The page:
• Open Access

    Antioxidant and photoprotective potential of Polypodium leucotomos

    Rosy Yesela Mancilla Santa Cruz 1,2
    Sharon Velásquez Arévalo 3
    Anas Rashid 1,4
    Marco Rolando Aronés Jara 2
    María Segunda Aurora Prado 1*

    Explor Med. 2022;3:607–616 DOI: https://doi.org/10.37349/emed.2022.00117

    Received: September 09, 2022 Accepted: November 14, 2022 Published: December 29, 2022

    Academic Editor: Md Noushad Javed, K.R. Mangalam University, India

    This article belongs to the special issue Techniques in Repurposing and Targeted Delivery: Bringing a New Life to Shelved Drugs


    In recent years, Polypodium leucotomos has emerged with a great interest for having medicinal and therapeutic potential. It is producing very promising results due to the presence of antioxidant and photoprotective properties. Electronic libraries and databases, including Scopus, PubMed, Google Scholar, Science Direct, and Web of Science were searched to identify relevant studies; 79 publications contributed to this review regarding Polypodium leucotomos botanical aspects, chemical composition, antioxidant and photoprotective activity. It is used in complementary and alternative therapies with various pharmaceutical dosage forms (systemic or topical). Thanks to the composition of phytochemical constituents present in the leaves and rhizomes which confer antioxidant and photoprotective activity that has clinical therapeutic potential to be used as systemic and topical sunscreen of natural origin for the prevention of different types of skin diseases caused by harmful ultraviolet A and ultraviolet B radiations. However, more studies are needed in the future to test the ability and enhance the capacity of sunscreen and sunblock in cosmetic formulations. To conclude, it is recommended to carry out scientific studies based on different analytical methods to evaluate the phytoconstituents potential and to develop stable pharmaceutical formulations according to the skin phototype.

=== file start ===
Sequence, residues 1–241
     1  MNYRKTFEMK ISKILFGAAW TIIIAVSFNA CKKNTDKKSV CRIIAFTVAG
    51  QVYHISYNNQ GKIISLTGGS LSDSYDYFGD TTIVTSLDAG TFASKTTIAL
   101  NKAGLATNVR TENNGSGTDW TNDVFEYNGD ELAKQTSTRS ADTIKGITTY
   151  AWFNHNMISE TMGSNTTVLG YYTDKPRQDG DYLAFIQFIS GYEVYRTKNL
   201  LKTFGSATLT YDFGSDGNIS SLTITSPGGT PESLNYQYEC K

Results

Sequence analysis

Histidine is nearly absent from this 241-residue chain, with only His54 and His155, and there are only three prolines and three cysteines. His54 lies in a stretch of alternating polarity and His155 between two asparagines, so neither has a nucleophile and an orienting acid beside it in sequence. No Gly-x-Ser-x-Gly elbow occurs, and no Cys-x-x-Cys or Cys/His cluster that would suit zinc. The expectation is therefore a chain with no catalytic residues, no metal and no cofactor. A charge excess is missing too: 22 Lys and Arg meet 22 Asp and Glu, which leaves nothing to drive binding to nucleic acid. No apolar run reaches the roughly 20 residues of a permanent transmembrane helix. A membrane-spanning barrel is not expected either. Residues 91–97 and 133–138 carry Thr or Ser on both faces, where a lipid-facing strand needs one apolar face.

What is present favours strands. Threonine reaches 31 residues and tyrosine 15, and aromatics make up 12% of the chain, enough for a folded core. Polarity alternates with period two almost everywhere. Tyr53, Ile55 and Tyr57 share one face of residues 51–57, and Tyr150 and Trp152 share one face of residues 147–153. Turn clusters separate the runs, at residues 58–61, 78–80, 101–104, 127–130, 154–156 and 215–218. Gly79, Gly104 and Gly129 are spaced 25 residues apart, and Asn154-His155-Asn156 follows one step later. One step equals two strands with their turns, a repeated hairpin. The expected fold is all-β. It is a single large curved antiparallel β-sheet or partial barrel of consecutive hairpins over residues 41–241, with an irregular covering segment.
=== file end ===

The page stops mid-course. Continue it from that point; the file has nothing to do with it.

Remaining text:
Polypodium leucotomos, antioxidant, photoprotective


    Polypodium leucotomos—a tropical fern belonging to the genus Polypodium and to the family Polypodiaceae—originated from South and Central America [1, 2] which was traditionally used due to its anti-tumor and anti-inflammatory properties [3]. In 1788, this species was first introduced in Europe after the botanical expedition in Peru and Chile by Hipólito Ruiz López (botanist) funded by the Spanish Crown and later spread to other areas [4]. It has been shown to contain saponins [1] and phenolic compounds: vinyl acid, chlorogenic acid, ferulic acid, caffeic acid, and coumaric acid [57] extracted from rhizomes [1, 8] and leaves [9, 10]. It is beneficial for specific dermatological pathologies [11] such as skin tumors [3, 12, 13], rash [14], erythema and pigmentation [12, 13, 15], melanoma [16], photodermatosis [13, 17, 18], vitiligo [19, 20], melasma, psoriasis, and atopic dermatitis [2, 21, 22]. It particularly reduces the skin deterioration induced by exposed ultraviolet (UV) rays [11, 23, 24] to minimize photoaging [25], therefore, it gained considerable interest in cosmetic and dermatological research. Further, the research demonstrated the positive effects in tonsillitis [26], trichomoniasis [4], infectious diseases [27], acute colitis [28], scalp keratosis [29, 30], polymorphic light eruption [14, 31] as well as immunomodulation of lymphocytes and cytokines [32] and it was also used as a dietary supplement [33].

    The Polypodium leucotomos pharmaceutical preparations are available as oral capsule (act as a systemic antioxidizing agent), topical gel, cream, spray and compact makeup powder to protect the skin from sunlight (or invisible UV rays) exposure [2]. Besides, it is one of the global public health problems. Overexposure to solar radiation has a significant impact on skin health [34] such as sunburn, photoaging, photodermatosis, photosensitivity, immunosuppression and photocarcinogenesis [35, 36]; the latter being of great concern due to the increase in cases [37, 38]. Therefore, it is highly beneficial due to its chemoprotective, immunomodulatory, anti-inflammatory and antioxidant properties. In addition, it is attributed for the inhibition of photoisomerization as well as apoptosis that leads directly to DNA damage, and it also prevents immunosuppression [7, 25, 39, 40] which were proven in in vitro and in vivo studies, involving human, cell and animal studies [22, 41].